Drug Evidence Found on Man After Milwaukee Police Stop Van Due to Marijuana Smell Admissible at Trial
In an unpublished opinion, Milwaukee police officers conducted a traffic stop on a Chevrolet van in June 2013. According to police, the van was stopped because it had a broken tail light and smelled of burning marijuana. One of the officers apparently ordered a passenger to exit the vehicle and patted him down before requiring the man to sit on a nearby curb. After conducting a search for outstanding warrants, police learned the passenger was on probation related to a prior drug conviction.
Next, the Milwaukee officers asked the passenger if he had any marijuana in his possession. The man allegedly stated he did not because he and the driver “smoked it all up.” Since the passenger purportedly claimed to have ingested the drug, the officers placed him under arrest for violating the terms of his probation. Police then conducted a search of the man’s person and reportedly found a baggie of heroin in the passenger’s pants. The passenger was subsequently charged with possession of a controlled substance with intent to deliver it.
At trial, the passenger moved to suppress the physical evidence obtained as a result of the traffic stop. The man testified that he did not admit to smoking marijuana, and police did not find drugs on him during their initial search. In addition, the man stated he remained on the curb without any sort of restraint. The trial court then found that the police officer’s testimony was more credible than the defendant’s and stated the only issue in the criminal case was whether Milwaukee police acted within the parameters of the law.
The trial court ultimately determined that both the traffic stop and the passenger’s detention were lawful. The court also ruled that the man’s statements provided police with probable cause to arrest and search him. Since the alleged drug evidence was discovered in a search incident to the defendant’s arrest, the trial court found that it was admissible at trial. The defendant then entered a guilty plea.
In response to the five-year prison sentence that was imposed by the court, the defendant filed an appeal with District I of the Court of Appeals of Wisconsin. On appeal, the man claimed the lower court committed error when it denied his motion to suppress the drug evidence uncovered during the traffic stop. After stating that the Fourth Amendment to the United States Constitution and Section 11 of the Wisconsin Constitution protect citizens from unreasonable search and seizure, the appeals court said it was required to defer to the trial court’s assessment regarding witness credibility. The court added that it would independently review constitutional principles.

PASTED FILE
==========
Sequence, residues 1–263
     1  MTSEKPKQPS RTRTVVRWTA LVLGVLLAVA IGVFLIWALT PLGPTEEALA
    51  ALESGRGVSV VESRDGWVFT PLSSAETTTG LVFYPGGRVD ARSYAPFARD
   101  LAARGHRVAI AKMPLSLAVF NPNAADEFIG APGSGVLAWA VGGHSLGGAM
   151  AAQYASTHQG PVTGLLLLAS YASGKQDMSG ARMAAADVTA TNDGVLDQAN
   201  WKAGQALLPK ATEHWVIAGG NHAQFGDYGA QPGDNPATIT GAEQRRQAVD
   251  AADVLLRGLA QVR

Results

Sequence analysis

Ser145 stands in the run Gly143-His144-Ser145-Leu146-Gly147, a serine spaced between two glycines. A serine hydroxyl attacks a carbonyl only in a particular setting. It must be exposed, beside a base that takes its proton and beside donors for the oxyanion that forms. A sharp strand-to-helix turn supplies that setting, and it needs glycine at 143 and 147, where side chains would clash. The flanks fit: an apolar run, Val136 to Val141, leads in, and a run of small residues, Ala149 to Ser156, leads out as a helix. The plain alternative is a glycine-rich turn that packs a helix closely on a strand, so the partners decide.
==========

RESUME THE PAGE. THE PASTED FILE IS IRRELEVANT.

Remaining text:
The Wisconsin Court of Appeals next found that the defendant’s constitutional rights were not violated because he admitted the smell of marijuana was emanating from the van. According to the court, the marijuana smell provided Milwaukee police with probable cause to search the vehicle. The appellate court also rejected the defendant’s assertion that the police officer lacked authority to order him out of the van and stated it was reasonable for police to require him to remain at the scene of the traffic stop while the vehicle was searched. As a result, the Court of Appeals held that the trial court did not err when it refused to suppress the drug evidence and affirmed the trial court’s decision.
If you are accused of a drug crime in Wisconsin, you should contact the law offices of Reddin & Singer, LLP online or give us a call at (414) 271-6400. Our experienced Milwaukee criminal attorneys may also be reached using our phone number (414) 271-6400.Additional Resources
State v. Laura, Wis: Court of Appeals, 1st Dist. 2015
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